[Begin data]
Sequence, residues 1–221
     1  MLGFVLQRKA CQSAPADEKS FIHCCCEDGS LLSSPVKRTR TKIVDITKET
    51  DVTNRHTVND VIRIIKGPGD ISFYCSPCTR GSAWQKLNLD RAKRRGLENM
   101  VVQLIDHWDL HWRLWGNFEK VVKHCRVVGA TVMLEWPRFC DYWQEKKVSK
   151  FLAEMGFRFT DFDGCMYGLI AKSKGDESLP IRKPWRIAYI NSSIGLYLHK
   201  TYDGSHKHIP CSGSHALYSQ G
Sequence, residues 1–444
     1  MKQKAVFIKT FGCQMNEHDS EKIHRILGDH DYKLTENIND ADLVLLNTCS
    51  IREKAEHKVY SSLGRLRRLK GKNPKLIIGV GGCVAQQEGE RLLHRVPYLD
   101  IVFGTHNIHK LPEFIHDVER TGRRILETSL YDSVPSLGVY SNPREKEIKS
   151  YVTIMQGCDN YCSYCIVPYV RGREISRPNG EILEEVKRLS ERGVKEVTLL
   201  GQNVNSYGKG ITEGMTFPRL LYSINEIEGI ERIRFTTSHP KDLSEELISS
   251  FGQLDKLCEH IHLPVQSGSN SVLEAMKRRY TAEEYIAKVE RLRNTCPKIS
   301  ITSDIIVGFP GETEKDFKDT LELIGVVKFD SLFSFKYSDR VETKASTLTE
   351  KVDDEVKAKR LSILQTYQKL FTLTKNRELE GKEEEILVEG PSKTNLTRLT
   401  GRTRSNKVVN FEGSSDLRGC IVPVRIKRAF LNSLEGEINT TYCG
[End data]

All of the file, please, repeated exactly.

Sequence, residues 1–221
     1  MLGFVLQRKA CQSAPADEKS FIHCCCEDGS LLSSPVKRTR TKIVDITKET
    51  DVTNRHTVND VIRIIKGPGD ISFYCSPCTR GSAWQKLNLD RAKRRGLENM
   101  VVQLIDHWDL HWRLWGNFEK VVKHCRVVGA TVMLEWPRFC DYWQEKKVSK
   151  FLAEMGFRFT DFDGCMYGLI AKSKGDESLP IRKPWRIAYI NSSIGLYLHK
   201  TYDGSHKHIP CSGSHALYSQ G
Sequence, residues 1–444
     1  MKQKAVFIKT FGCQMNEHDS EKIHRILGDH DYKLTENIND ADLVLLNTCS
    51  IREKAEHKVY SSLGRLRRLK GKNPKLIIGV GGCVAQQEGE RLLHRVPYLD
   101  IVFGTHNIHK LPEFIHDVER TGRRILETSL YDSVPSLGVY SNPREKEIKS
   151  YVTIMQGCDN YCSYCIVPYV RGREISRPNG EILEEVKRLS ERGVKEVTLL
   201  GQNVNSYGKG ITEGMTFPRL LYSINEIEGI ERIRFTTSHP KDLSEELISS
   251  FGQLDKLCEH IHLPVQSGSN SVLEAMKRRY TAEEYIAKVE RLRNTCPKIS
   301  ITSDIIVGFP GETEKDFKDT LELIGVVKFD SLFSFKYSDR VETKASTLTE
   351  KVDDEVKAKR LSILQTYQKL FTLTKNRELE GKEEEILVEG PSKTNLTRLT
   401  GRTRSNKVVN FEGSSDLRGC IVPVRIKRAF LNSLEGEINT TYCG